Bill Murchison

"Lib-er-al adj. 1. a. Not limited to or by ... authoritarian attitudes, views, or dogmas ... b. tolerant of the ideas and behaviors of others; broadminded ... "

May I amend that definition from "The American Heritage Dictionary of the English Language"?

" ... c. except where necessary to show non-liberals their proper place. See 'Mozilla.' See also: 'Eich, Brenda, ex-Mozilla CEO."

A certain amount of satisfaction -- I'd hate to say pleasure -- accrues to non-liberals watching liberals fall all over themselves trying to explain why certain beliefs and convictions just can't be expressed in Today's Society. The reason (in Liberalspeak) that Mozilla forced out Brendan Eich, the inventor of JavaScript, last week is that no good liberal is going to put up with non-liberal thinking! Non-liberal thinking isn't thinking! It's bigotry!

Come to think of it, Eich probably should give thanks that Mozilla, besides canning him for once supporting a California campaign to affirm traditional marriage norms, didn't organize a tar-and-feather party in his honor.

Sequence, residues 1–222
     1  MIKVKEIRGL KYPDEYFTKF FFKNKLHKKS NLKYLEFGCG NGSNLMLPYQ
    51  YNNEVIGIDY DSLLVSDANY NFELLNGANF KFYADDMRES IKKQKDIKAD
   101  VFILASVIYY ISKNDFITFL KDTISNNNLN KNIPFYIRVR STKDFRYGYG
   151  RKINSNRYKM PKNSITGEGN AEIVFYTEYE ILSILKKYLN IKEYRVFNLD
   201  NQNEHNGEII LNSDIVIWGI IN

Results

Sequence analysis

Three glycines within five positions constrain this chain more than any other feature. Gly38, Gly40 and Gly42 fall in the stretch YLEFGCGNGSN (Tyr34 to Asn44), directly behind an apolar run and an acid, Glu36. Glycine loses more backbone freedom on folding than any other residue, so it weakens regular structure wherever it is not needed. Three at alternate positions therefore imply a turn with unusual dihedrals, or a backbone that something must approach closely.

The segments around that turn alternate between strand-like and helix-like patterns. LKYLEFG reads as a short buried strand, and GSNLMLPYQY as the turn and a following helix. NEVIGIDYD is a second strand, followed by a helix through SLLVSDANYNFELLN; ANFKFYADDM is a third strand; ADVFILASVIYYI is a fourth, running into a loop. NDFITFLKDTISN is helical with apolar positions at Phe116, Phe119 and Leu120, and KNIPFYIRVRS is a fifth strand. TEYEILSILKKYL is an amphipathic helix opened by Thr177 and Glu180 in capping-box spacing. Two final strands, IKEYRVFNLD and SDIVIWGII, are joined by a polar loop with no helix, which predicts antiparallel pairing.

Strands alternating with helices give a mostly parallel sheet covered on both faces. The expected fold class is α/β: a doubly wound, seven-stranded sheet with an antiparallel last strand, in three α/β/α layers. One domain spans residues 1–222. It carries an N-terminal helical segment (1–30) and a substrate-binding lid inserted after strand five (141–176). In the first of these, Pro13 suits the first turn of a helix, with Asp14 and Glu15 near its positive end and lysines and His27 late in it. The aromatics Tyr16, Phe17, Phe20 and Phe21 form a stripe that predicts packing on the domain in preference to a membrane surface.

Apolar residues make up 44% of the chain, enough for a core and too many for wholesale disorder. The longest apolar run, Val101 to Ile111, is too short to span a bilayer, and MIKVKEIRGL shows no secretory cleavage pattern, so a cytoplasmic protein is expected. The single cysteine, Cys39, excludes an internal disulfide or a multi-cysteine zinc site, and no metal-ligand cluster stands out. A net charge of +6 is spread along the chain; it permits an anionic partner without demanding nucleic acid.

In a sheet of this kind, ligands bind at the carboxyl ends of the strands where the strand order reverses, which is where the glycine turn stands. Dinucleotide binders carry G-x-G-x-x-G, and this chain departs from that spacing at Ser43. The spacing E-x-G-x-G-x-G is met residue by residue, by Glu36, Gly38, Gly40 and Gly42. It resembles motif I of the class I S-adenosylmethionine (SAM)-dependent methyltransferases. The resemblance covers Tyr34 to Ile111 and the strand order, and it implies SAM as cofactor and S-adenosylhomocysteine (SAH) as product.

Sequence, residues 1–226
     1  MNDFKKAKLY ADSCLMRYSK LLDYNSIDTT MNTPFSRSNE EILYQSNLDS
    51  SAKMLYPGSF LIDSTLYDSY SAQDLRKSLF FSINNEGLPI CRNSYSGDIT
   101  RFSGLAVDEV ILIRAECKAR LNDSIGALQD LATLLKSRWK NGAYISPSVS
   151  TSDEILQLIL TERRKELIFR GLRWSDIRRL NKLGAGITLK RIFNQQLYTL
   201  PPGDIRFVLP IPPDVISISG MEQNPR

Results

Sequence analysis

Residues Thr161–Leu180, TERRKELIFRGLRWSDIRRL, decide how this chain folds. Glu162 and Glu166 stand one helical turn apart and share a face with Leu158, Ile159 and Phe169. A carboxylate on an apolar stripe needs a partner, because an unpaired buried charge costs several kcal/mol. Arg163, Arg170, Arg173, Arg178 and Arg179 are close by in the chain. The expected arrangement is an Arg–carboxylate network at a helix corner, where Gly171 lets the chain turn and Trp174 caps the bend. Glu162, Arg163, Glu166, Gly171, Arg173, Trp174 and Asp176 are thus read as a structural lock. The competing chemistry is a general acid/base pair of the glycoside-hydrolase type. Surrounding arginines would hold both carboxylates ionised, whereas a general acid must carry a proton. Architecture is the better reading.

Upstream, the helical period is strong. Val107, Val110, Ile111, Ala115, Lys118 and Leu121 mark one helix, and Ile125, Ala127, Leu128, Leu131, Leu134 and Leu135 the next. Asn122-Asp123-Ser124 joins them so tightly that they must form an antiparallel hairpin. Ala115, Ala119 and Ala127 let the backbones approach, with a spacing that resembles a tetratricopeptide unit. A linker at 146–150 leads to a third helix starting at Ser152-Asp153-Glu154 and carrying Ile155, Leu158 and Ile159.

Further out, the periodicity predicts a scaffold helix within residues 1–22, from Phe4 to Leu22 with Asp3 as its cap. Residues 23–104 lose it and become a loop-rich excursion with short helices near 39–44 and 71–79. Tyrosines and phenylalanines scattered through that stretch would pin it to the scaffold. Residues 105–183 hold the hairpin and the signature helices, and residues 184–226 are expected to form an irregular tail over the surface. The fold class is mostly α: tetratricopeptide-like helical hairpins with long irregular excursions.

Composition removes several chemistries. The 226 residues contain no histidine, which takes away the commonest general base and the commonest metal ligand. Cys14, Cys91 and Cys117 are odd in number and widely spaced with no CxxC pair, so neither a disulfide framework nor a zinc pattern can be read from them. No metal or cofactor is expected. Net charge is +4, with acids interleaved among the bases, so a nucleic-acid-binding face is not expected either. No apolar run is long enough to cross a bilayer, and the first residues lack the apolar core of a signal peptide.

Out he went anyway, as we all must have heard by now, to the disgust of the bedraggled few who believe what liberals used to pride themselves on believing; to wit, the right to speak your piece with relatively few societal constraints is a good thing rather than a crime against the social order.

But, then, I'm in the media. Many of us in the media share with John Milton, a liberal in his time, the odd idea that free speech bolsters rather than hinders civilization. I was once fond of assigning to my university's journalism students Milton's "Areopagitica" -- his attack on government licensing of the press. Discussion was a good thing, Milton contended. Tell what you think, let critics reply -- surely that was the ticket. "And though all the winds of doctrine were let loose to play upon the earth, so truth be in the field, we do injuriously by licensing and prohibiting (italics mine) to misdoubt her strength."

In Liberal America they don't much care for my friend John. Eich's offense was to donate $1000 to the Proposition 8 campaign, a California voter initiative -- it passed by a healthy majority -- defining marriage as the union of a man and a woman. It was hardly an eccentric claim, representing as it did a viewpoint held everywhere, always, and by all: until the movement for same-sex marriage got going a few years ago. This transformed -- in liberal eyes -- the marital terrain. Suddenly, everything we used to believe about marriage was Wrong and Evil and Homophobic.

And Brendan Eich didn't get it. Throw him out! Teach the bum a lesson!


Bill Murchison

Bill Murchison is the former senior columns writer for The Dallas Morning News and author of There's More to Life Than Politics.
 
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